Suzuki SX4 S-Cross 2013 Road Test

Suzuki is a car maker that has been crying out for a family car for years and now finally it has one – the SX4 S-Cross. Its last venture into this market was the Liana – more famous as being Top Gear's often abused reasonably priced car. But things are rapidly changing for the Japanese brand which is planning five new models in the next five years.

So what of the name? It's a bit of a mouthful, but it seems Suzuki in Japan was very keen to include the SX4 bit, even though that car is going to be replaced by a new model – which will be similar in ilk to the Nissan Juke –  next year. We won't be surprised if this just becomes known as the S-Cross, especially as it bears no resemblance to the current SX4.

For starters it's bigger and longer, with a shape and size that means it competes alongside crossovers like the Nissan Qashqai and Skoda Yeti. This is more than just a jacked up hatchback with four-wheel drive. The chunky SUV styling looks good and it's a decent looking design – although we wouldn't necessarily choose the garish Crystal Lime green paintwork of the car in our pictures.

The low nose means it hides its size quite well and actually looks more like a big estate from the front. While it may not be an especially bold design it is at least neat. The same can be said of the interior which follows on from the Swift hatchback. The build quality is very impressive and it has plenty of soft touch plastics – a big step forward from Suzuki interiors of a few years ago. Even the doors close with a reassuring thud.

Suzuki SX4 S-Cross (12)

There's nothing too flash inside, but what you do get is a well laid out and easy-to-use cabin – the clear instrument dials make a welcome change from the over-complicated displays that are becoming increasingly common. It's also comfortable behind the wheel, helped by supportive front seats and plenty of room. Top models come with a panoramic sunroof but unlike many others, both glass panels actually slide open.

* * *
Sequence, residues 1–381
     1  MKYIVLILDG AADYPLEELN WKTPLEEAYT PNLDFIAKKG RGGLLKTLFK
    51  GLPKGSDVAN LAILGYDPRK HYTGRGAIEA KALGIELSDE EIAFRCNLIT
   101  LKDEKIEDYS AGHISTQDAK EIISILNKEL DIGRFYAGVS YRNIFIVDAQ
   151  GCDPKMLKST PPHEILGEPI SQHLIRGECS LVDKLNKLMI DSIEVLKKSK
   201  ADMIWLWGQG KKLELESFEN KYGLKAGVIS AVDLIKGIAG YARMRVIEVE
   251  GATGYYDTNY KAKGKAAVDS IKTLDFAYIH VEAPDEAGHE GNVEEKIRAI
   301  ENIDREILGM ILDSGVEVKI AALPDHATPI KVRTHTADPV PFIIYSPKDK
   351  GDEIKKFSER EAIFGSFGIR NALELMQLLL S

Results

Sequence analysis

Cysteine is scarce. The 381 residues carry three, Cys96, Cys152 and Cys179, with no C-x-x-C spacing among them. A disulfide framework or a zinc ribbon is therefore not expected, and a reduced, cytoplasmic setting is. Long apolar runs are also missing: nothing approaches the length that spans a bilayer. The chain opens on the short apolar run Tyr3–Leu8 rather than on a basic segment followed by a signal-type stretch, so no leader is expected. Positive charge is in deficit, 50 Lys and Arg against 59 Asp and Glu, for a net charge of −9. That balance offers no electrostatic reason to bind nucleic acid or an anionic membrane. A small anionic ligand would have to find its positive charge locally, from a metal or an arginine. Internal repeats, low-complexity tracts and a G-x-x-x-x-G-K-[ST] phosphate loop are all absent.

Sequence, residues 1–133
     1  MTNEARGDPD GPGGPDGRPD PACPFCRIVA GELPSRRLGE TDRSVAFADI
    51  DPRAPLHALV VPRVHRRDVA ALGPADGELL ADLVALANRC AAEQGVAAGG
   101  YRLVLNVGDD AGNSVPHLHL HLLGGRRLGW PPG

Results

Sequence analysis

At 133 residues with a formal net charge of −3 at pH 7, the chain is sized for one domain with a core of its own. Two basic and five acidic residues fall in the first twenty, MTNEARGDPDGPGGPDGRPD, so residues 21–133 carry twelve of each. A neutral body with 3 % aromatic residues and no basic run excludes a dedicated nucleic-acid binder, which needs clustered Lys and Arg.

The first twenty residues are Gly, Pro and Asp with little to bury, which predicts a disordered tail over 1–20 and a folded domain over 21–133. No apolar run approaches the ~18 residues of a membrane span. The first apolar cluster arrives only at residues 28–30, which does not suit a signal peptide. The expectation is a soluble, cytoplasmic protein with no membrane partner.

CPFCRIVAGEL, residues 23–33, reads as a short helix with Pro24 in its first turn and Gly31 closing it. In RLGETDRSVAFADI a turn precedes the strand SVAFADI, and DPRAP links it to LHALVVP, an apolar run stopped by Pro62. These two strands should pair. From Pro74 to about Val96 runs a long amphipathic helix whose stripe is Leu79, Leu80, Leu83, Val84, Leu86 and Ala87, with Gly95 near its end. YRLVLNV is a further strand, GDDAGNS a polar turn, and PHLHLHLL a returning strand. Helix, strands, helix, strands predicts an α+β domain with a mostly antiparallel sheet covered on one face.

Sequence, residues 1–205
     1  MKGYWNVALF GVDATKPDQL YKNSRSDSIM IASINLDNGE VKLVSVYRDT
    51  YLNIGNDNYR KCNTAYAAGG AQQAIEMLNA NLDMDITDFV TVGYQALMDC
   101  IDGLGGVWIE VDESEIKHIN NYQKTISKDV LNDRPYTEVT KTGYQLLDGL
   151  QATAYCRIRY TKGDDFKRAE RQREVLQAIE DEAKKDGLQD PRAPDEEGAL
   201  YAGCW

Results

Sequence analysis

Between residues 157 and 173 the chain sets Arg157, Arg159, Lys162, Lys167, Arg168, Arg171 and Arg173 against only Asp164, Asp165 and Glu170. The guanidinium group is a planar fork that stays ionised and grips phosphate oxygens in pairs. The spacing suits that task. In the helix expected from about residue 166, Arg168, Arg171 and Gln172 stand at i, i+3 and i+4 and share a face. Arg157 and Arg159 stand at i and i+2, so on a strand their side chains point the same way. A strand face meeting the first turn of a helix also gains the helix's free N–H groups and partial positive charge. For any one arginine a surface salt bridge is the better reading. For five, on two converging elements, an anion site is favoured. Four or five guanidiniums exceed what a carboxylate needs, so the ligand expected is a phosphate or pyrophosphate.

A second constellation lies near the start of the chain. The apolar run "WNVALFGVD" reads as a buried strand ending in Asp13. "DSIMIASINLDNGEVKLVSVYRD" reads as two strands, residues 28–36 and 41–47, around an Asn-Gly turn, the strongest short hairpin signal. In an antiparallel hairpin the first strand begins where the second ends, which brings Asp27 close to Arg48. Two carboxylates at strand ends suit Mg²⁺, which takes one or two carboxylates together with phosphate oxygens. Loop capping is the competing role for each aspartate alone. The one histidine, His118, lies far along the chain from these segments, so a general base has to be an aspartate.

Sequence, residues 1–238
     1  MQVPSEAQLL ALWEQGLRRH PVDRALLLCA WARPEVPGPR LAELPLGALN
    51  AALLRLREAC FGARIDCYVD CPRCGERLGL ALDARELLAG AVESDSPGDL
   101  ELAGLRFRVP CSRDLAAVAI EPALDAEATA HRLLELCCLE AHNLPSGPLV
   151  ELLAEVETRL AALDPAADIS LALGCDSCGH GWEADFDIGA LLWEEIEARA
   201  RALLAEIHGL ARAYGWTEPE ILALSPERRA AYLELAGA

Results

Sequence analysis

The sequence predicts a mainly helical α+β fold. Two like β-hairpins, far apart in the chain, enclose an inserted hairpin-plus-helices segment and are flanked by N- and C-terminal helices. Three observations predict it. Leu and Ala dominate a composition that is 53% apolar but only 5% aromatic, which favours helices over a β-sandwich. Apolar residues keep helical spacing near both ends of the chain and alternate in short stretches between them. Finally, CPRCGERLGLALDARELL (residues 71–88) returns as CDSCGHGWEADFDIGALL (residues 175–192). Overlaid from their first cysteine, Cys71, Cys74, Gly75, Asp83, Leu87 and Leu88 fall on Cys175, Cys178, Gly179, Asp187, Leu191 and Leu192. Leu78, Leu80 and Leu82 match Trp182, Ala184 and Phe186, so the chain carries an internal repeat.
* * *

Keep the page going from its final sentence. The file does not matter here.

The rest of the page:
But where you really notice the difference between the S-Cross and the current SX4 is in terms of useable space. The boot is huge with 430 litres and the rear seats fold down to create a flat area. The low boot lip makes loading easy plus there's even an underfloor storage area. The rear seats are far more spacious too with plenty of legroom plus they even recline, while the raised height and wide opening doors make fitting children into child seats much easier.

The engine line-up is simple with one diesel and one petrol – both 1.6-litre units with 120PS. The chain cam petrol is a development of the one used in the current SX4 but it's been tweaked for efficiency and emits just 127g/km of CO2, if you choose a 2WD version, with 51.3mpg. It's a good engine around town but with a five-speed manual gearbox (a CVT automatic is an option) and just 156Nm of torque it struggles for in gear pace and is a bit vocal at motorway speeds.

The diesel is a better choice if you regularly do long journeys or will be towing anything. It has a six-speed gearbox and an impressive 320Nm of torque, giving it far more pep when required. It's very quiet and refined too, never feeling strained even if you push it, while sound levels inside the cabin are kept down by a special engine cover and a sound insulating windscreen. Economy-wise the 2WD version will return a claimed 67.2mpg with CO2 of just 110g/km putting it in VED Band B.

Suzuki SX4 S-Cross (14)

In terms of roadability, the SX4 S-Cross is surprisingly impressive. Body control is good in corners and the steering is precise with a decent weight, although as with most modern cars, there's little in the way of 'feel', not that it diminishes the way it drives. The ride is a touch on the firm side, particularly the rear suspension set-up which can be noisy over poor roads, but the majority of the time the S-Cross is comfortable and smooth.

Alongside the standard front-wheel drive models, the S-Cross also comes as a 4WD with Suzuki's AllGrip four-wheel drive system. This on-demand system is controlled by a neat dial on the central console and has different modes including snow, automatic and sport. In auto mode it runs as a front-wheel drive, only going into 4WD when needed while snow mode uses 4WD as a default. The Sport mode makes the accelerator pedal more responsive and sends more power to the rear wheels.

So what about prices? Well Suzuki hasn't officially announced what it will cost - the SX4 S-Cross goes on sale in October - but it has been able to indicate that the entry-level SZ3 (there's no SZ1 or SZ2) will start at around £15,000, that's around 10 per cent less than the cheapest Nissan Qashqai. The top SZ5 will start at around £19,750 which is quite a lot but then standard equipment levels are very good with leather heated seats and sat nav.

The SX4 S-Cross has plenty going for it. It's a practical, well built and good to drive family car that easily holds its own against other more expensive alternatives. But it really earns its stripes when it comes to value for money. While it may not have the glitz of other crossovers, on paper it makes a strong case for itself, especially when you look at running costs and standard equipment. Suzuki has had a lot of success with the latest Swift – a car we rate very highly - and it looks like it might have another winner on its hands with the SX4 S-Cross.

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